Paints in Nettles Powers' studio

The deceptive simplicity of Blanche Nettles Powers' Percolations

click to enlarge The deceptive simplicity of Blanche Nettles Powers' Percolations (2)
Emma Hopson
Paints in Nettles Powers' studio

Savannah art lovers and aficionados will not want to miss the opening reception of new works by painter Blanche Nettles Powers at Laney Contemporary on June 6.

Named Percolate, the show’s title references both Nettles Powers’ thought process and her artistic process. As the press release so beautifully explains, “To percolate is to process, to deliberate, to consider. It is also to slowly drip, to gradually accumulate and layer, and to consciously filter through previous iterations. Through percolation, we might understand a new set of conditions with fresh awareness.”

The recipient of several prestigious residences, Nettles Powers earned a BFA in Illustration and an MFA in Painting from SCAD and an MEd in Art Education from GSU. Born in Rochester, Minnesota, she maintains her studio practice in Savannah and has had solo exhibitions presented by Kim Foster Gallery of New York, Laney Contemporary, and SCAD. I have lived here long enough to remember her beautiful Rosewood Studio Gallery beside Savannah Fire's historic headquarters on Oglethorpe Avenue (home from 2005-2008 while she was getting her MFA), and her next space at 1704 Lincoln. Her newest studio consists of two rooms  in an historic district rowhouse where paintings in progress hang on the wall or are mounted on small wooden brackets, and where both the floor and  walls reveal drips and splashes from the many layers of paints she painstaking applies to her hand stretched linen canvases.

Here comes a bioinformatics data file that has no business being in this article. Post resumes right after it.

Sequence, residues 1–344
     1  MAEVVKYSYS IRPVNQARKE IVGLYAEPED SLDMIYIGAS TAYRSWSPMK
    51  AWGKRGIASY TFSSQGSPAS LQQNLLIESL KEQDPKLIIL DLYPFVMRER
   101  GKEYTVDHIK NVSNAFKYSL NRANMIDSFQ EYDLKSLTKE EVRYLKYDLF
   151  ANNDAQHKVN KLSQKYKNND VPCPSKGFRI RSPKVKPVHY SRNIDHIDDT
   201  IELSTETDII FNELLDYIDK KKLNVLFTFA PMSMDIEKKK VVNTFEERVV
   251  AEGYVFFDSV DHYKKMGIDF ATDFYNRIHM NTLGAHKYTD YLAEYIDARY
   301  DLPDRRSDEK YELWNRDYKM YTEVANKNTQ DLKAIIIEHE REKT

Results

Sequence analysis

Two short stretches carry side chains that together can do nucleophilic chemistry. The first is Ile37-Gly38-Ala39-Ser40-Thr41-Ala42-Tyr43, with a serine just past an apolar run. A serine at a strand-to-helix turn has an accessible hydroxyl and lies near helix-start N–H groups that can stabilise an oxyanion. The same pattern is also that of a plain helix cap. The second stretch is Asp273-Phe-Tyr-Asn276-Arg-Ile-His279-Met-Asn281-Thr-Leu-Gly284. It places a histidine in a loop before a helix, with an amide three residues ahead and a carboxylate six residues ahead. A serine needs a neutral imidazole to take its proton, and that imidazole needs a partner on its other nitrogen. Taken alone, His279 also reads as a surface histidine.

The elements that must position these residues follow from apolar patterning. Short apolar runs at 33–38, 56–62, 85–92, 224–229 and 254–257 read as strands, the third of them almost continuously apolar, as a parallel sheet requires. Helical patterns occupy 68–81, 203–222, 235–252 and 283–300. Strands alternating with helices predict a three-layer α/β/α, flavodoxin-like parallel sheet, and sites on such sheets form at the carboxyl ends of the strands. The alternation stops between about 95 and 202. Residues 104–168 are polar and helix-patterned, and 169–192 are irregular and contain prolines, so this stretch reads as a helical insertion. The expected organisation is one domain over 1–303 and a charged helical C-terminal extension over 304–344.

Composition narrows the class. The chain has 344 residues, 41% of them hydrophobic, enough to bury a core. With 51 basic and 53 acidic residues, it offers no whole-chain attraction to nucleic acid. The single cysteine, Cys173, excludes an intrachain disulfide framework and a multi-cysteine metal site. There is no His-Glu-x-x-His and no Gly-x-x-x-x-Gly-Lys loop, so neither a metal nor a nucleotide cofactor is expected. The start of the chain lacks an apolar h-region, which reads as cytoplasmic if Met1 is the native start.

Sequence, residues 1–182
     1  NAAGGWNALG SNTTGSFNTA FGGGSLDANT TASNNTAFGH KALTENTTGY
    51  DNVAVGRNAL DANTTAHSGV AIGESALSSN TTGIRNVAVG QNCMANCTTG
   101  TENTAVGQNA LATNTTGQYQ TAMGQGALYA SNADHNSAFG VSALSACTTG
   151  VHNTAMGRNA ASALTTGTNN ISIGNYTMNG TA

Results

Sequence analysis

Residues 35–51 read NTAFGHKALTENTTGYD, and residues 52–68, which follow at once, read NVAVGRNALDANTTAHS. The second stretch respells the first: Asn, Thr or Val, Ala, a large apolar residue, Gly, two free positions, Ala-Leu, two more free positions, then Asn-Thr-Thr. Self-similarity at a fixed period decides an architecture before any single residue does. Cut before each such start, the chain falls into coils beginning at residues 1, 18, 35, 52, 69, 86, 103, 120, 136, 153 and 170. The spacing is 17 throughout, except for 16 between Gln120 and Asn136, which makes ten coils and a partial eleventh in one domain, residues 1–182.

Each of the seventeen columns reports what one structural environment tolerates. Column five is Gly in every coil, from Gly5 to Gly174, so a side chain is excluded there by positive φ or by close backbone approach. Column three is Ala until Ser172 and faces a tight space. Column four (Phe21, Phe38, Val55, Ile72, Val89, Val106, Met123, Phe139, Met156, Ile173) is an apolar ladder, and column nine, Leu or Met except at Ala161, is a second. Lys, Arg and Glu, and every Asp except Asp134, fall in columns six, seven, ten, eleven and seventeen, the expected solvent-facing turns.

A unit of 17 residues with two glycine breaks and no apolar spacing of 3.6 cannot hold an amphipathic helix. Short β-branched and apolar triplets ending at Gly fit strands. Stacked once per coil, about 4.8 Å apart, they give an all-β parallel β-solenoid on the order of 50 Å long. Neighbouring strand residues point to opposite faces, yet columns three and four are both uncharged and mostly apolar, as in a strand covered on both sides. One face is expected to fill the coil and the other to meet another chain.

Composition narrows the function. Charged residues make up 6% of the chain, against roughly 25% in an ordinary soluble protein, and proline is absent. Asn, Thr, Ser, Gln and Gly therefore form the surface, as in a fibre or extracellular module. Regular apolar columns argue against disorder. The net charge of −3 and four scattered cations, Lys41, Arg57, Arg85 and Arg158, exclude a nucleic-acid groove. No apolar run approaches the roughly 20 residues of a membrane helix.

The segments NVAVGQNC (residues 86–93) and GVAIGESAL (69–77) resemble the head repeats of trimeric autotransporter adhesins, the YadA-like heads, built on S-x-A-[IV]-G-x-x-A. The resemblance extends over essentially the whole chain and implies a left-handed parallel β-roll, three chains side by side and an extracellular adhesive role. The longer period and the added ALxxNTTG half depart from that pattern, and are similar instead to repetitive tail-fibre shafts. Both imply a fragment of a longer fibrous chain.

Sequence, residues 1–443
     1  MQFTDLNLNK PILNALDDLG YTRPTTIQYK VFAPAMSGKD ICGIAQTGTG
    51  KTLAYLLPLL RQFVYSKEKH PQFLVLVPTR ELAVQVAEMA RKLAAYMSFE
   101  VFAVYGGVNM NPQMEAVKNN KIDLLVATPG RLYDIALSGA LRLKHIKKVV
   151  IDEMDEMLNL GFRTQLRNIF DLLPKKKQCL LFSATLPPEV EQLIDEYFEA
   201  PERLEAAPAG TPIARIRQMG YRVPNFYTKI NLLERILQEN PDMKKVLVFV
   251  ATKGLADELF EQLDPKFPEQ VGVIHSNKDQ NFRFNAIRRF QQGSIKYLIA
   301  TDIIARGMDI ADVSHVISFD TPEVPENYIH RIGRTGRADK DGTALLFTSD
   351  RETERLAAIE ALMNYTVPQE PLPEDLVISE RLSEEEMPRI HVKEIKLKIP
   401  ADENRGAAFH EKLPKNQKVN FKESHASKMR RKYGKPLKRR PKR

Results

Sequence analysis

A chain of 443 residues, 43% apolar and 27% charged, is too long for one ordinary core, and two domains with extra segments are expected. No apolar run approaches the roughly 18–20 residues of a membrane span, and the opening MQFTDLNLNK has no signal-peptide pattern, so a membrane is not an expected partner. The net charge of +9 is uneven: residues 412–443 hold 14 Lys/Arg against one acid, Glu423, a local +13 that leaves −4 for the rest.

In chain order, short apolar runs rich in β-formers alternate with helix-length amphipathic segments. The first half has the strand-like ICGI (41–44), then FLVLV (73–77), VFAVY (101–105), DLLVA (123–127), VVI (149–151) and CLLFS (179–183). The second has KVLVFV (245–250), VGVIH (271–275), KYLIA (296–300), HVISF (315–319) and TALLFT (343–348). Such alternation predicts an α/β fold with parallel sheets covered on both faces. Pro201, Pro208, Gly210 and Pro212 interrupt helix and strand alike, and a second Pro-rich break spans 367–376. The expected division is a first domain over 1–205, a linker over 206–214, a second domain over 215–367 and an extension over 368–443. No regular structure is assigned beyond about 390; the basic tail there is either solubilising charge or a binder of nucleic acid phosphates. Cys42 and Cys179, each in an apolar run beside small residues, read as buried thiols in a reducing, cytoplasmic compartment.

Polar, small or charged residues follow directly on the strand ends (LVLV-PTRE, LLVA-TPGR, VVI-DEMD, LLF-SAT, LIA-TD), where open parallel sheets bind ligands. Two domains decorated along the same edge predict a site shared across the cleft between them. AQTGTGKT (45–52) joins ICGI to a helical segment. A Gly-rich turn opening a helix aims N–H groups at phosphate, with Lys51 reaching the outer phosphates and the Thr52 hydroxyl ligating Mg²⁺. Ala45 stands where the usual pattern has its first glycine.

click to enlarge The deceptive simplicity of Blanche Nettles Powers' Percolations (3)
Emma Hopson
Nettles Powers in her studio

Quietly spoken and deeply reflective, Nettles Powers has been influenced by the work of polymath mathematician Benoit Mandelbrot (1924-2010) who famously discovered a patterned order underlying a great many apparent irregularities in nature. Mandelbrot gave the name “fractals” to this pattern inside of a pattern. Fractals reveal a hidden order beneath the seeming chaos of  things as disparate as tree branches, tree bark, economic markets, or the behavior of earthquakes.

To quote from her press release again, Nettles Powers’ work “seems to reveal fractal patterns that emerge through closer contact with each composition. Fractals, a central theme in this current body of work, are mathematical patterns with self-similarity, permeating the natural world. They can be found in coastal topography, animal circulatory systems, and botanical structures, repeating infinitely and shifting in scale, linking disparate systems and objects in our universe.”